Sustainability groups must be on same page

posted in: Opinion | 0

In the Oct. 25 issue, a letter to the editor was run criticizing food services on Pacific’s main campus. Many points in this piece were ill thought through or simply not thought through at all – and the piece as it ran was cut to fit space.
First, I must point out a few facts Cohen overlooked.
Aramark’s options are as local as a large dining services provider can manage and yet still feed the number of people relying on them. The company has received almost all points available for such services through the STARS program, according to John Hayes, the director of the Center for a Sustainable Society.
Next, I must point out something I’ve observed.
It seems like there are two things that students at Pacific love to complain about: Aramark and sustainability.
Over the past four years, I’ve shaken my head at each of these that cross the editor’s desk because they’re closed-minded, single-sided and provide no plausible means of fixing the problem.
And that’s what I think is the heart of the matter. There are no proposed solutions to actually increase the sustainable practices at Pacific. Even the water bottle ban from two years ago was an incomplete movement; it encouraged those on campus to purchase sugary drinks rather than water.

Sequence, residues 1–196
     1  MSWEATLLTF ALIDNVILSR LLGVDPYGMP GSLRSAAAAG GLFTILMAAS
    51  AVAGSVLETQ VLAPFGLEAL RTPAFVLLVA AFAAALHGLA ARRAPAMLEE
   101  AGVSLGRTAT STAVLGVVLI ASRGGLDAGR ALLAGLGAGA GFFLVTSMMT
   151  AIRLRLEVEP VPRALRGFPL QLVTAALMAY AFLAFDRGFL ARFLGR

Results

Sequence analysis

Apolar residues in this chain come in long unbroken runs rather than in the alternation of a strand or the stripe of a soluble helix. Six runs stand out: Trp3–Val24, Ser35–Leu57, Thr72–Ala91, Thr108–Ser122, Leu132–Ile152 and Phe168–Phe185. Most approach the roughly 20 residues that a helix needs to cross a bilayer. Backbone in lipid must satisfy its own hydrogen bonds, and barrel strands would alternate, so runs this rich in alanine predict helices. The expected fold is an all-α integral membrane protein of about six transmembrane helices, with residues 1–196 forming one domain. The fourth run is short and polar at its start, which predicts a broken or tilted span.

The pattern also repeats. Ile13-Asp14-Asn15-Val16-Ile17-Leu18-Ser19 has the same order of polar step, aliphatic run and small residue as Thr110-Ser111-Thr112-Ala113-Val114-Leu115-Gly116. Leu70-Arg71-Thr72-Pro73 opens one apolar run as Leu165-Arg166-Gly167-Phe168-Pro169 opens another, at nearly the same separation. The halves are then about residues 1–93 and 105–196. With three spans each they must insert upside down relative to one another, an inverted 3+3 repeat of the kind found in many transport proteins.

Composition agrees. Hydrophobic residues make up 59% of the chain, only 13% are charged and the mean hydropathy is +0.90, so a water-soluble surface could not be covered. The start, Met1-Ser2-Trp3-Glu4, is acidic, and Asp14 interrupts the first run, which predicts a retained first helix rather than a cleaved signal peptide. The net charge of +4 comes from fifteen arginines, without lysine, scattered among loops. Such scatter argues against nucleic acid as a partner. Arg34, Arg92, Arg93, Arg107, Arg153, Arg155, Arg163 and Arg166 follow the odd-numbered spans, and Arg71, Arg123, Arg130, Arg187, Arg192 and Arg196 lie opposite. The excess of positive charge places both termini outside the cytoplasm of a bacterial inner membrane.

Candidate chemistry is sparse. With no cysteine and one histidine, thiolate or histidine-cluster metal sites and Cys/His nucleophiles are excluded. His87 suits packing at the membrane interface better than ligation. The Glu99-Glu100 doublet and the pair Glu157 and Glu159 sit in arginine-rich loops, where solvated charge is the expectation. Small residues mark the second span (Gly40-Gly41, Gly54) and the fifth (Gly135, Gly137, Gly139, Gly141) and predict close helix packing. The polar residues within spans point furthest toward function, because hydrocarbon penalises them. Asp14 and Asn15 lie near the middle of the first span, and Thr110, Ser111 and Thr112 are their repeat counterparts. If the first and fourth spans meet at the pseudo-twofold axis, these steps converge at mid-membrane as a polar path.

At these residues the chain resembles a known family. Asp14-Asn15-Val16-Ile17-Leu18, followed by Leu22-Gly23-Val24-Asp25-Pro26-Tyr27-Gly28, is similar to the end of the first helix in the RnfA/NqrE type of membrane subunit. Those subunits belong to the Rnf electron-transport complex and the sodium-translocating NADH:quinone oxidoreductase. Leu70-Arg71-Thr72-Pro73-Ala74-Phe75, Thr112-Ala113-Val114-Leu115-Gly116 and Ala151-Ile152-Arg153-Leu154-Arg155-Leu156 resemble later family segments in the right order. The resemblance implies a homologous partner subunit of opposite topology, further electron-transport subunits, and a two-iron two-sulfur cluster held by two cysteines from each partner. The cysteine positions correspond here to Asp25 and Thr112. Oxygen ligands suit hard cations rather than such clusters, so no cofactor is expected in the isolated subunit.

What Pacific needs are motivated, innovative individuals willing to fight for education and changes rather than passively shout their thoughts on issues into the nether space when the notion strikes them. The university needs unity across its environmental conservation efforts.
The Center for a Sustainable Society is a great addition to the university, if it can get its feet underneath it and find the focus necessary to make real changes. As of now, it’s still in an infantile stage with a director and two (soon to be three) work-study students.
The Sustainability Committee has been active for almost 10 years and has managed to encourage small changes across Pacific’s multiple campuses such as increased recycling and expanded waste separation. While it has a number of interested members, it currently lacks a chair.
These groups do work together, but as separate entities collaborating at meetings currently without a concrete schedule. There is little sense of unity here, though, as the members see their groups as “obviously a different sort of thing” from each other, according to Director of Pharmacy Business Operations Tom Andrews.
If these groups have the same goal of making Pacific more environmentally conscious, if they’re united under the blanket term of ‘sustainability,’ shouldn’t they be more fluid, more hand-in-hand, more unified?
How can we hope to be a leader in this movement if we’re all on different pages? Perhaps it’s time to stop working as individuals and start working together.


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